A big part of what stops many people from taking the reigns and learning to navigate is fear of getting lost and perhaps bad experiences in the past where well-meaning people have taken over and perhaps not provided a supportive environment for learning.

If you’re used to going bushwalking with confident people, in clubs or groups, sometimes it can be hard to get someone to teach you, really teach you, navigation.

Yay! I’m teaching a navigation course

I loved teaching navigation to kids in the Duke of Edinburgh scheme – watching the aha moment as things started to make sense. I’m now stoked to be able to teach grown-ups and see those same aha moments and confidence build as competency grows!

I’ve been leading and guiding trips for over 22 years and have been a volunteer with Bush Search and Rescue for 20 years, where I’m now a Search Commander and Team Leader. Needless to say, I’m passionate about connecting people to nature in meaningful ways, that not only keep them safe, but our precious wild places safe too.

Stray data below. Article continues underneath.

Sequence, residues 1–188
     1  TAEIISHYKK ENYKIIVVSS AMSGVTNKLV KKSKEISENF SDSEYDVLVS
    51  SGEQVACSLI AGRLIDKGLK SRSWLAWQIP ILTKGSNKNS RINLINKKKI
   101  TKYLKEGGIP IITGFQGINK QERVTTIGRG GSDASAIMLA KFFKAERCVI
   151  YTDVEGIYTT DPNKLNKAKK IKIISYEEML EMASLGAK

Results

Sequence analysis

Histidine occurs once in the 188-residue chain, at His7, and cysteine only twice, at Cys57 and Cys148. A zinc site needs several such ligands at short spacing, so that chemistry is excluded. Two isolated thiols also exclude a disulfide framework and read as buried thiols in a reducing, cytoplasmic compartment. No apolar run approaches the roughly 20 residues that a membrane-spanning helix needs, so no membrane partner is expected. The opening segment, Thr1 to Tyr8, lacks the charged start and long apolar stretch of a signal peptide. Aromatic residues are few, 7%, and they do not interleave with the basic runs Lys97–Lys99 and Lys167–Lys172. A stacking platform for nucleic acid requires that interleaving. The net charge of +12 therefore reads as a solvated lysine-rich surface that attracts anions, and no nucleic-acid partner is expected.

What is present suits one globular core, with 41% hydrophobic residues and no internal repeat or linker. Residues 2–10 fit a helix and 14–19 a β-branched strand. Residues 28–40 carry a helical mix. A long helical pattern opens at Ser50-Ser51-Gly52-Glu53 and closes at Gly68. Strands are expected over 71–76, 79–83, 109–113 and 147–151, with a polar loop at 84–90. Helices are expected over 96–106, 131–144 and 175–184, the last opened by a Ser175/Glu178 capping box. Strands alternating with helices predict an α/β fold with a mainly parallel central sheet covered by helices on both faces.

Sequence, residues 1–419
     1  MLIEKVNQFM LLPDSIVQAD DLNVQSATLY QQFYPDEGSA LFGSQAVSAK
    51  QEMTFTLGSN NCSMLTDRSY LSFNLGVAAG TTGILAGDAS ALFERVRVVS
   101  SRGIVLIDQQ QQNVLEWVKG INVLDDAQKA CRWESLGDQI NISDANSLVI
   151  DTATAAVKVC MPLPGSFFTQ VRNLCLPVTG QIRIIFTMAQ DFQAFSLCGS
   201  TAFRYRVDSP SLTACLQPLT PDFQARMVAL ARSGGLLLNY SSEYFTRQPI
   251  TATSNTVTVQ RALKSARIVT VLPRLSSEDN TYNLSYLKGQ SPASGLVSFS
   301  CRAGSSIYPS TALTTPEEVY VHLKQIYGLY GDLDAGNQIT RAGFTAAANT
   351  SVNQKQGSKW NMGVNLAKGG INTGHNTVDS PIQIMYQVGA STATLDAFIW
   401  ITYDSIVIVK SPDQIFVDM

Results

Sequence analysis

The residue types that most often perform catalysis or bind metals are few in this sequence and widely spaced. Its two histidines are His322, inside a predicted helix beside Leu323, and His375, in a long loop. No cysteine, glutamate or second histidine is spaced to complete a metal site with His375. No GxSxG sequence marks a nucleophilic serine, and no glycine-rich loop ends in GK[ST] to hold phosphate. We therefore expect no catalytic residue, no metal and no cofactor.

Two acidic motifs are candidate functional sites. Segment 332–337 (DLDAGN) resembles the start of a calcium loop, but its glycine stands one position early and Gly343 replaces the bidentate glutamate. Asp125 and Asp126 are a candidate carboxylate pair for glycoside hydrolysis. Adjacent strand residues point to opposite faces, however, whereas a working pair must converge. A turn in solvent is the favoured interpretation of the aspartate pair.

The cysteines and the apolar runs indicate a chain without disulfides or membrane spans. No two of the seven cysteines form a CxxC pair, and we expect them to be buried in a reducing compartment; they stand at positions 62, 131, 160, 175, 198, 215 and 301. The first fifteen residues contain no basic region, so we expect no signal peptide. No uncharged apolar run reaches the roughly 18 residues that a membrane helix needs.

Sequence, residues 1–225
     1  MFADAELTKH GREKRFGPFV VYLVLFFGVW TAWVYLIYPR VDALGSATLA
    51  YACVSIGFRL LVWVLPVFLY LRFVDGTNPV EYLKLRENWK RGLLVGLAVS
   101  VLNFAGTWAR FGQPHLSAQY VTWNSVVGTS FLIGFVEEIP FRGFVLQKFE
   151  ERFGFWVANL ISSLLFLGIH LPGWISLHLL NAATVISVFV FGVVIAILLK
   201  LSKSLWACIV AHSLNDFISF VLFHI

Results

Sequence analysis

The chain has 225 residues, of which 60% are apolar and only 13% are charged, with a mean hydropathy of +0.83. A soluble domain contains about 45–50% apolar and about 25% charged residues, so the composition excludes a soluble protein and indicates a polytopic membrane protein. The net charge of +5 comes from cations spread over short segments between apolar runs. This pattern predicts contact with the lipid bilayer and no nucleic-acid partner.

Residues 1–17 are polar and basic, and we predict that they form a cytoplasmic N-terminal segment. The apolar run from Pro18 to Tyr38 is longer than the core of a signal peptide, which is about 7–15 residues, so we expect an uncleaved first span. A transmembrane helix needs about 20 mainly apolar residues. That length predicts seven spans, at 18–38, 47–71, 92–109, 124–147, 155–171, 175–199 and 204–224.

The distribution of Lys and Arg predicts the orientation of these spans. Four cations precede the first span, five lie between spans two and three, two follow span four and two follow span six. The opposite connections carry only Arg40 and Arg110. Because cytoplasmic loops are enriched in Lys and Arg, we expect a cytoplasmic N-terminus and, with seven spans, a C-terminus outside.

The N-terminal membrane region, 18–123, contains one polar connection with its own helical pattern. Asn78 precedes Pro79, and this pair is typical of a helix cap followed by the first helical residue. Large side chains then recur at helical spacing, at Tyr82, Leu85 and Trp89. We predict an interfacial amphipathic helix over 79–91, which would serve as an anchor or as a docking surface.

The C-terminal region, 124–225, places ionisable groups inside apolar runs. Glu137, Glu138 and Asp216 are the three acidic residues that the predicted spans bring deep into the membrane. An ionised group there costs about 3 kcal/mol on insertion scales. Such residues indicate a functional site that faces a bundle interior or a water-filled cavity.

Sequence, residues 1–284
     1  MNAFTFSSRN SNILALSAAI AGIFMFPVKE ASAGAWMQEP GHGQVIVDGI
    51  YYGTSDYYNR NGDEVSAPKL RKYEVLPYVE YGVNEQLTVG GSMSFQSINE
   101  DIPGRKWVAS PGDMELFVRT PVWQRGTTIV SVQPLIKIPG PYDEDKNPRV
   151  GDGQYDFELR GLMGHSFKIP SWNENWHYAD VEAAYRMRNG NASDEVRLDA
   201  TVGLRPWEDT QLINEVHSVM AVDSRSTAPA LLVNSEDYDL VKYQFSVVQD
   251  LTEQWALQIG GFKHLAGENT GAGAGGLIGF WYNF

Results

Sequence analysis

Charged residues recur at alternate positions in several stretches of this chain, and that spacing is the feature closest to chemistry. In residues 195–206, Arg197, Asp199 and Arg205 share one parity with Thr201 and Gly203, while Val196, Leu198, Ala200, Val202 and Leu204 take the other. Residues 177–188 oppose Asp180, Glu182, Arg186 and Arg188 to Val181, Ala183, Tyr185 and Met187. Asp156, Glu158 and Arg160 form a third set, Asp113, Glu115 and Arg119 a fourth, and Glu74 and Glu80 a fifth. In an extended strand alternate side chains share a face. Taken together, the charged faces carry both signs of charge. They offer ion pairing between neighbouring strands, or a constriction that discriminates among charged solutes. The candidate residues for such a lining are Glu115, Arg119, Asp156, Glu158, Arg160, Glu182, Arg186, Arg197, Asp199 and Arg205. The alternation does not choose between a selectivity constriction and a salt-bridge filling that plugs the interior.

Small Group Sizes

To maximise learning opportunities and to give everyone the chance to get the most out of the courses, most of my group sizes are kept to a maximum of 8. Ah… nice and small! There are loads of benefits to this, such as minimising our impact when walking off-track and providing an inclusive, supportive learning environment.

Day 1 in the classroom breaks down the theory into easy-to-learn steps [Pic: Horizon Guides]
I love teaching navigation! [Pic: @SpartaJen}

What you’ll learn

Over two jam-packed days, you’ll learn the foundations of navigating with a map and compass for tracked and untracked areas. Topics will include:

  • Reading, understanding (and falling in love with) topographic maps
  • Learning to ‘read the ground’
  • Demystifying stuff like datums, projections, scales, declination and the ‘3 different norths’
  • Becoming best friends with your compass and learning how to use it
  • Route planning and finding